Millennial burnout is a phrase that has been thrown around a lot in recent times. It refers to the notion that millennials – those born in the '80s and '90s – are overloading themselves to the point that they struggle with everyday tasks.
But a new study has found that millennials are actually spending far less time in their places of work than the generations that came before them. Yet, despite these shorter hours and more freedoms in the workplace, millennials also feel like they are under much greater pressure.
More than 1,500 people under the age of 45 took part in the study, conducted by fitness network Hussle, which asked people to compare their work-life balance to that of their parents.
On paper, the results showed that those questioned deemed their working life to be more easy-going than their parents' – 85 per cent said their hours were more flexible, while 86 per cent claimed to have more freedom.
Around 30 per cent of those asked recalled their parents working longer hours, however, most did not believe their parents would have known what the phrase "work stress" meant, saying they were more likely to "just get on with things".
But despite the seemingly easier working conditions of those surveyed, 14 per cent said they had taken time off work because of stress, while 12 per cent said they had sought medical help. More than a quarter said they felt anxious and stressed about work, with a fifth saying they had lost sleep because of work stress.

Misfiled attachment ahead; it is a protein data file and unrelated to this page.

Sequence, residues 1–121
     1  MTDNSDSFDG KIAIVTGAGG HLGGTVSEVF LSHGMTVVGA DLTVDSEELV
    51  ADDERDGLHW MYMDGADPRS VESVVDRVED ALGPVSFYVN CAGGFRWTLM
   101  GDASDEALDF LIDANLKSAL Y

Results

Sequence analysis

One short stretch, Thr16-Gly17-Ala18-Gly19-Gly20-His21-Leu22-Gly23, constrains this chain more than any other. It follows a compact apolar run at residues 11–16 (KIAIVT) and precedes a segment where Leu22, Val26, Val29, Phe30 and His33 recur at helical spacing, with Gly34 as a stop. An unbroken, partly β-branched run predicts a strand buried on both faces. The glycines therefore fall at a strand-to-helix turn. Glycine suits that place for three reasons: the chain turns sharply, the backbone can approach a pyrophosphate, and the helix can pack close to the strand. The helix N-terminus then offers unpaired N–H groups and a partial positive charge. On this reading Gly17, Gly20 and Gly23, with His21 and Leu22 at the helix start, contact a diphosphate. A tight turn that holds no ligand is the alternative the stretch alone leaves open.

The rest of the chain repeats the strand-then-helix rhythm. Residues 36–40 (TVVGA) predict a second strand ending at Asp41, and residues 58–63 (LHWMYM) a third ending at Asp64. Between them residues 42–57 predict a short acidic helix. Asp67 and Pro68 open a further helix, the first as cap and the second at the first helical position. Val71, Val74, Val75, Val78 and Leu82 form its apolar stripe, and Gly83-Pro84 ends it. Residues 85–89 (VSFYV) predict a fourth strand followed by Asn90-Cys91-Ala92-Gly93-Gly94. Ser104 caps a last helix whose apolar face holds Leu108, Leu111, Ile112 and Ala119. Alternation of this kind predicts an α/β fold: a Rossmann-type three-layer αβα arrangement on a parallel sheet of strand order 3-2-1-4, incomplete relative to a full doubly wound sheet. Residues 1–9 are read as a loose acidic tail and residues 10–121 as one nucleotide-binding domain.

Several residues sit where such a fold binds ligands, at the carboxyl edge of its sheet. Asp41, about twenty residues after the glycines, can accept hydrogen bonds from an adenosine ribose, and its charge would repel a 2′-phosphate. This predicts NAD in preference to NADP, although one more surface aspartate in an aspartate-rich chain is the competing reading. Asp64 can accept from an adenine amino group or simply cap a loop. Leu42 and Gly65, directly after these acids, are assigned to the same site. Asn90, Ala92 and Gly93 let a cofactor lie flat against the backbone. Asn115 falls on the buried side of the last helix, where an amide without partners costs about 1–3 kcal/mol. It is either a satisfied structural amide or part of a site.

Social media, technology and the inability to switch off seem to be a big factor in adding to stress. Two thirds of those surveyed said they struggled to turn their phones or laptops off outside of office hours, while more than 90 per cent said they felt social media fuelled pressure to have the perfect career and life.
It also helps that there is more conversation around mental health for millennials than previous generations enjoyed, and this openness helps people to talk about how they are feeling and find ways to deal with it.
If you are feeling workplace stress, here are five ways to help switch off after a long day:
It might sound cliched and like the last thing you want to do after a long, stressful day, but taking some time for yourself to exercise can help to clear your mind, release endorphins and let go of anything still niggling you from the day. Working out in the evening has also been proven to help you get a good night's sleep.
Whether you're new to meditation or a seasoned practitioner, only five minutes a day can be enough to help you re-centre your mind and clear away any negative thoughts. Gone are the days of having to go to classes, too. There are now plenty of free-to-download apps that can guide you through how to get started.
Cooking can be time consuming, and after a long day, the temptation to grab something quickly or order takeout often prevails. But there is something cathartic about getting lost in preparing a good, healthy meal. It gives your mind something to focus on, and you will feel like you have achieved something for yourself when you sit down to enjoy it.
4. Listen to a podcast
While listening to music may help some people to de-stress, your favourite songs can sometimes not be enough to stop the mind from wandering back to work-related thoughts. Finding a podcast to listen to is not only great for keeping your attention, but depending on what podcast you choose, it will also teach you something new, have you laughing out loud or let you in on the lives of one of your icons.
While you may just want to go home and hibernate after a long day, making plans to see friends or family can help break up a long working week and give you an outlet for anything that might be bothering you. While catching up over social media might sometimes seem preferable, there is nothing like face-to-face interaction, and you’ll be glad you made time for those you love.